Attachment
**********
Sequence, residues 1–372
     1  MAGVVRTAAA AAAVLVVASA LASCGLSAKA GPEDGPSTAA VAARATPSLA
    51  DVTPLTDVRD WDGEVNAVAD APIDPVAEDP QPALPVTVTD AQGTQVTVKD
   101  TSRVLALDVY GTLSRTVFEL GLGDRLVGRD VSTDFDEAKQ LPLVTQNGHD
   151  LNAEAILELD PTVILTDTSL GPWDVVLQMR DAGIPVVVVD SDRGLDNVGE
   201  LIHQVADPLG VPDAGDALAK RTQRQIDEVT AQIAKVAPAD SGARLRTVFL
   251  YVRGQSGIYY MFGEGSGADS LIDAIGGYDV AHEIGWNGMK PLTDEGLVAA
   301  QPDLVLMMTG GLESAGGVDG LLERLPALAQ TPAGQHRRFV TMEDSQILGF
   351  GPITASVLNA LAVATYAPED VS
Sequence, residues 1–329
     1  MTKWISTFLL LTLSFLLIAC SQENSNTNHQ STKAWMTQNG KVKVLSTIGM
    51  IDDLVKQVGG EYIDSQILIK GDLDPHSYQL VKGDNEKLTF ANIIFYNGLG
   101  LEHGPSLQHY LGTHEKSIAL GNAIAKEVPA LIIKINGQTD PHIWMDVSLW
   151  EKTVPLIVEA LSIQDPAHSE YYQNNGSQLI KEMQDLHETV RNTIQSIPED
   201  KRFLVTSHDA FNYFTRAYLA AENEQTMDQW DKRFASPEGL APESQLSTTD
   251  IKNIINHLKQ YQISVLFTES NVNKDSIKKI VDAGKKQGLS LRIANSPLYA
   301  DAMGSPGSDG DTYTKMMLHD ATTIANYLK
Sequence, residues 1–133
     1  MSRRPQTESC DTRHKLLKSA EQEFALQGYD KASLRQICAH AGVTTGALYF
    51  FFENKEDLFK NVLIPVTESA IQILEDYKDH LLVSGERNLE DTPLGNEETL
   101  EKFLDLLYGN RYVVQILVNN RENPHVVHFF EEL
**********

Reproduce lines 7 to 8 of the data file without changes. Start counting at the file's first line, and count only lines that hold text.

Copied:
   251  YVRGQSGIYY MFGEGSGADS LIDAIGGYDV AHEIGWNGMK PLTDEGLVAA
   301  QPDLVLMMTG GLESAGGVDG LLERLPALAQ TPAGQHRRFV TMEDSQILGF